PHRASAL VERBS (P)

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Pan out:
To happen; to occur. ex. "Our trip to Vietnam didn't pan out."

Pass away:
To die. ex. "His grandfather passed away last month."

Pass for (something/someone):
To be able to be accepted as (something/someone). ex. "He's 37, but he can pass for 30."; "He can pass for being Italian."

Pass on:
1) To tell or transmit. ex. "He passed the news on to the president."
2) To not take or accept. ex. "I'll buy the blouse, but I'll pass on the pants."

Pass out:
1) To faint. ex. "The woman passed out from the heat."
2) To distribute. ex. "The demonstrators were passing out flyers."

Pass (something) up:
To let (something) go by. ex. "I passed up a great opportunity to make a lot of money."

Pay back:
To repay. To get revenge. ex. "P1: Why is she being so mean to him? P2: She is paying him back for all the years he was mean to her."

Pay off:
1) To complete payment. ex. "I won't be able to pay off my student loan for another 10 years."
2) To bribe. ex. "The police were obviously paid off to stay away."

Pick on:
To harass. To intentionally make someone upset. ex. "You shouldn't pick on him just because he's different."

Pick up:
1) To come and get someone (usually in a car). ex. "I have to pick the kids up at school."
2) To notice. ex. "She picked up on his bad mood"
3) To meet someone and initiate a (sexual) relationship. ex. "Some sleazy guy was trying to pick me up last night."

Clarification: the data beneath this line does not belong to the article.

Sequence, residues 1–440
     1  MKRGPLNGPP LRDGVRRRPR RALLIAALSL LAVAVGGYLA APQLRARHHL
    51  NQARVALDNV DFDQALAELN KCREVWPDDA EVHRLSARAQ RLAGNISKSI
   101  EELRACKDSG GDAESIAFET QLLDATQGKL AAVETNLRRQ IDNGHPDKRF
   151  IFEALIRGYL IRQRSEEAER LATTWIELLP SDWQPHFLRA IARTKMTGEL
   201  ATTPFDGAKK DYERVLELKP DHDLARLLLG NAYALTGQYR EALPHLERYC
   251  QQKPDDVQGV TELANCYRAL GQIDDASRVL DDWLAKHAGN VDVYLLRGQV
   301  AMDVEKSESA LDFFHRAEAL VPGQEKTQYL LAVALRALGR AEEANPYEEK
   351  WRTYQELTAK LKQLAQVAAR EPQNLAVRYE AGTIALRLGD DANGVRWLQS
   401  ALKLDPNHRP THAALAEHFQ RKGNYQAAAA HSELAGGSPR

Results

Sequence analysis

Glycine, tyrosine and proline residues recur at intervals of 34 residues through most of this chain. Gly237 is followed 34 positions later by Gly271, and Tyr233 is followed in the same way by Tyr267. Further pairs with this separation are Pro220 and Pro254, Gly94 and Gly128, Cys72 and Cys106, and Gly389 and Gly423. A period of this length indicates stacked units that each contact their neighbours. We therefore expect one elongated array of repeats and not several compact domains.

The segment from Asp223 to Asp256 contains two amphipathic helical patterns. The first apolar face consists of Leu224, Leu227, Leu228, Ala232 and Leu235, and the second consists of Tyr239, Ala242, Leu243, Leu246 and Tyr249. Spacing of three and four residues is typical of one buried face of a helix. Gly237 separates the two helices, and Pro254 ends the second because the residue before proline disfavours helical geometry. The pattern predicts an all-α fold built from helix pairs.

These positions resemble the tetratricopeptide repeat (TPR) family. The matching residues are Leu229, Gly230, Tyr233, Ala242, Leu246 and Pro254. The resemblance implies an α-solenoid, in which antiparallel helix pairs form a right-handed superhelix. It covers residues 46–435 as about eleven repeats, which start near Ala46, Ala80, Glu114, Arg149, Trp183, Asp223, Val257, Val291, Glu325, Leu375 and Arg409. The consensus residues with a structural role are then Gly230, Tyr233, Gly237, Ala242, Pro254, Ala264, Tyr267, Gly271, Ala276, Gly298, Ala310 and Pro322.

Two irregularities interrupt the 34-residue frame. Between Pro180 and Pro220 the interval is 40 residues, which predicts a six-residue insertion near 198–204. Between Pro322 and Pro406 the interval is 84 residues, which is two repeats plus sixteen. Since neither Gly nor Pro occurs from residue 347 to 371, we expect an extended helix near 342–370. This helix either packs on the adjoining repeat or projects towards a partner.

Play down:
To diminish the significance of. To make something sound less important. ex. "The CEO tried to play down the dismal financial report."

Play up:
To exaggerate the significance of. To make something sound more important. ex. "He likes to play up the fact that he was raised in a tough neighborhood."

Point out:
To indicate. To bring to someone's attention. ex. "I'd like to point out that two of the bank robbers were from Canada."

Polish off:
To finish. ex. "Peter polished off the rest of the spaghetti."

Pull in:
To drive in. To park. ex. "They pulled in to the Taco Bell to grab something to eat."

Pull (something) off:
To succeed in doing something (that seemed un doable, unrealistic, hard to do, etc.) ex. "I can't believe she pulled it off. I was sure she was going to fail."

Pull over:
When driving - To stop.

Put (someone) down:
To make negative remarks about (someone). ex. "He was a very mean boy who always put down everyone around him."

Pull over:
To drive a vehicle to the side of the road. ex. "Pull over by those bushes. I have to go to the bathroom."

Put (someone) on:
To try to trick someone (usually not in a serious/malicious way - often as a joke/for fun). ex. "You're putting me on! He didn't really say that, did he?"

Put (something) off:
To delay doing (something) until a later time. ex. "Why do you keep putting this off? Just do it, and get it over with."

Put out:
When speaking about CDs, etc. - To release. ex. "The Killers put out a new CD last month."

Put (someone) up:
To have someone as a guest in one's home; To allow someone to sleep in your home. ex. "It was really kind of your uncle to put me up for a week"

Put up with:
To tolerate. ex. "I can't put up with his behavior any longer."





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